Linked by David Adams on Mon 24th Aug 2009 09:21 UTC
Linux A reader asks: Why is Linux still not as user friendly as the two other main OSes with all the people developing for Linux? Is it because it is mainly developed by geeks? My initial feeling when reading this question was that it was kind of a throwaway, kind of a slam in disguise as a genuine question. But the more I thought about it, the more intrigued I felt. There truly are a large amount of resources being dedicated to the development of Linux and its operating system halo (DEs, drivers, apps, etc). Some of these resources are from large companies (IBM, Red Hat, Novell). Why isn't Linux more user-friendly? Is this an inherent limitation with open source software?
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Other points to consider...
by bert64 on Mon 24th Aug 2009 15:27 UTC
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As pointed out, Apple have an inherent advantage due to controlling both the hardware and software.. Both windows and linux can fail to work correctly when faced with certain hardware.

One of the biggest issues with linux is familiarity, people are familiar with windows and find linux difficult because it's different... People who have never used a computer before and therefore have no famliiarity with anything, will often find linux easier.

I have introduced linux machines (cheap/free) to several people in their 60s and 70s who, having no prior computing experienced picked it up easily enough. If you showed any of these people a windows machine they'd hate it for being different. Several of these people drive, and have been driving cars with manual transmission for years, yet none of them were willing to consider a car with automatic transmission... While there are advantages with a manual transmission such as greater control and better use of engine power, these people don't care about that - they just want what's familiar.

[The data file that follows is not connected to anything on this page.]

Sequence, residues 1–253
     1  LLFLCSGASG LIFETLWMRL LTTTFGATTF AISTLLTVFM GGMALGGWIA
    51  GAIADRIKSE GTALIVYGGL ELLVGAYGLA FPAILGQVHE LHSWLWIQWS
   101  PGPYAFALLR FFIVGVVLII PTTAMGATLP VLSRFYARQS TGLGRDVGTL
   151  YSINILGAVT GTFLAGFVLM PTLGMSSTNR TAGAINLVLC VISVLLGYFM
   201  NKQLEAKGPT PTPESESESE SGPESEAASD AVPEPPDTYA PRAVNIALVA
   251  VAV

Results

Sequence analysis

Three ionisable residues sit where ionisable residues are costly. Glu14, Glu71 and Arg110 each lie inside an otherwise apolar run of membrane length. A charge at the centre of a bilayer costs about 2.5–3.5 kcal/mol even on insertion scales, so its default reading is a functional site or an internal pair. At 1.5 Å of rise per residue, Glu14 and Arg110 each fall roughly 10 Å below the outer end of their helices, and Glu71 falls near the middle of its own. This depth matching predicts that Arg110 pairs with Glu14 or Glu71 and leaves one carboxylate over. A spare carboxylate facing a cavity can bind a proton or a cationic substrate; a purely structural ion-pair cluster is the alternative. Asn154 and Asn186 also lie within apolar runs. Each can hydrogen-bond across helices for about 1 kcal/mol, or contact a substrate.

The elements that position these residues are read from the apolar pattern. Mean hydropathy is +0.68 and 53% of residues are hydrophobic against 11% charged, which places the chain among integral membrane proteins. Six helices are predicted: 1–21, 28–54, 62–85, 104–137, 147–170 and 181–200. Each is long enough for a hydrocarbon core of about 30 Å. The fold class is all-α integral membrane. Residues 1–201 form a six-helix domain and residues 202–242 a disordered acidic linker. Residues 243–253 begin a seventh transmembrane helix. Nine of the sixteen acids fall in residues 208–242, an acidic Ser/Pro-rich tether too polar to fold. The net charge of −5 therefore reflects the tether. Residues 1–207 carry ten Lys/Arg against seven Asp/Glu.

Another thing worth considering, is where the article mentions that the cli is often the better way of doing things... Most inexperienced users will ask for help from someone experienced, and an experienced person is likely to use the more efficient way rather than a slower but simpler to learn method - i know i would. Also when explaining something verbally, a commandline is much easier to describe than a gui.

Commands are not archaic, they are a language that the computer speaks, and mastering it will allow you and the computer to communicate far more efficiently. Communication between two people works best when they both speak the same language, having to draw pictures and point is extremely inefficient and really only useful as a fallback.

Think of a computer like an animal or a small child, it lacks the intelligence to learn to speak fluent english, but it can still understand commands it has been taught and is much better than a human at doing certain tasks.

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